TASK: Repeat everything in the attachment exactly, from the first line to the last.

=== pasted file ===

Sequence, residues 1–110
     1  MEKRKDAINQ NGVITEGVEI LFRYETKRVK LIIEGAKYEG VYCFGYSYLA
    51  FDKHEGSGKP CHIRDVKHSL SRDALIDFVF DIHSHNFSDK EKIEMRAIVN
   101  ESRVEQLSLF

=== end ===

Sequence, residues 1–110
     1  MEKRKDAINQ NGVITEGVEI LFRYETKRVK LIIEGAKYEG VYCFGYSYLA
    51  FDKHEGSGKP CHIRDVKHSL SRDALIDFVF DIHSHNFSDK EKIEMRAIVN
   101  ESRVEQLSLF